I think the biggest problems these shows suffer from is when they just echo the feelings of their core audience. This is fine for the trained seals that want to clap along but it's empty rhetoric and people get tired of the fake sentiment. It's especially bad when they make it all about mocking the other political side and then their side gets into power because there's a lot less that they want to be critical of.

    A lot of people on the Daily Show went separate ways and it diluted all of it. Trevor Noah's show is a trainwreck and the extras from the Daily Show are getting a fraction of the audience each:

    https://www.hollywoodintoto.com/daily-show-ratings-plummet-trevor-noah/

    The biggest draw comes from the more mainstream hosts like Jimmy Fallon, Jimmy Kimmel and Colbert. They do celebrity interviews and this is what people tune in for:

    https://www.youtube.com/c/ColbertLateShow/videos?view=0&sort=p&flow=grid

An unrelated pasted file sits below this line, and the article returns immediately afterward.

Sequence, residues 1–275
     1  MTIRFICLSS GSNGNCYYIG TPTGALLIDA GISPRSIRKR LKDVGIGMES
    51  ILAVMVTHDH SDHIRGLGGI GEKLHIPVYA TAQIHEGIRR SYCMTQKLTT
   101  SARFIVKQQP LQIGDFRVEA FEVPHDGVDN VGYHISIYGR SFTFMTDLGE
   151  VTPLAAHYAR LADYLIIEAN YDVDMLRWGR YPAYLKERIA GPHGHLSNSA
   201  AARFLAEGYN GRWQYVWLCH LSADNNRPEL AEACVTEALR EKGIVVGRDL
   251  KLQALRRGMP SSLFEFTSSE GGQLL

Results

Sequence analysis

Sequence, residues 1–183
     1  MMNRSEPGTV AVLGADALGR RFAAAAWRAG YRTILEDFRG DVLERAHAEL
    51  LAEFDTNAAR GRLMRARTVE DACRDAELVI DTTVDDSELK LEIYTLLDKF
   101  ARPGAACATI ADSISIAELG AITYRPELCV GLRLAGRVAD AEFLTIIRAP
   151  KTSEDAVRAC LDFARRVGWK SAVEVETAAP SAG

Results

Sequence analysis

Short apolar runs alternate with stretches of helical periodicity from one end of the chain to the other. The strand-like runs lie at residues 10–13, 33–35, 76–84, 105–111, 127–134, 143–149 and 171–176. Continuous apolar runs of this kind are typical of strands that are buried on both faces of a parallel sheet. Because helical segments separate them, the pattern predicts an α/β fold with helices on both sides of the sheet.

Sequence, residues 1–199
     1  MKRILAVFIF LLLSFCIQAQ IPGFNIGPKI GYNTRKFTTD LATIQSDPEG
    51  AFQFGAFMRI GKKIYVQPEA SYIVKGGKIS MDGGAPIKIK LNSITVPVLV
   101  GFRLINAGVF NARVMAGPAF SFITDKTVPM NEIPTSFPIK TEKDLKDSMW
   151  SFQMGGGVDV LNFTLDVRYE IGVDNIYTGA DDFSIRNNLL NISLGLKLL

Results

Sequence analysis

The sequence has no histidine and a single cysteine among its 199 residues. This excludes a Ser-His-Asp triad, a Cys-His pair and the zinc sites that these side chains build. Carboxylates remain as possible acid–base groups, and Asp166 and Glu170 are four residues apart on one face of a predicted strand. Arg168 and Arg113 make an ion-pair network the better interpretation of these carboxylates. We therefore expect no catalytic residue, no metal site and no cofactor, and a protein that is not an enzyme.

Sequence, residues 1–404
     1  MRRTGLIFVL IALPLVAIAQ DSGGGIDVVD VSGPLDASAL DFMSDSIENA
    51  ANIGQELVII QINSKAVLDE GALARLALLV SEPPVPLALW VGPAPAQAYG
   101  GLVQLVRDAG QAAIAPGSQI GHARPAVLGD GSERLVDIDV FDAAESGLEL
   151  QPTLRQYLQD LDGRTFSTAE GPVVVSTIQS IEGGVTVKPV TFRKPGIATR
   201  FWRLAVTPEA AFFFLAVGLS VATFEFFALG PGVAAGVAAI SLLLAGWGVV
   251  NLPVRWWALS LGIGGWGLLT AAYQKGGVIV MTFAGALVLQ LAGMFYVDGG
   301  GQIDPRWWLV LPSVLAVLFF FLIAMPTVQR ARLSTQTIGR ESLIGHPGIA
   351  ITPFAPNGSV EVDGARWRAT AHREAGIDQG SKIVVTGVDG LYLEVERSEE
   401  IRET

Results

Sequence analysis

https://www.youtube.com/c/fallontonight/videos?view=0&sort=p&flow=grid
    https://www.youtube.com/jkl/videos?view=0&sort=p&flow=grid

    Jon Stewart's new stuff is all serious discussion, very little entertainment:

    https://www.youtube.com/c/TheProblemWithJonStewart/videos?view=0&sort=p&flow=grid

    The trouble is, the more a show swings towards entertainment it loses credibility as a political show. Bill Maher's show is one of the best political shows and it has a strong, durable format that maintains the comedy element. If the others want more viewers, they should either consolidate or add more mainstream segments. I don't expect them to do balanced politics because it's hard to pull that off and with such tribal mentality these days, it's very easy to lose a core audience.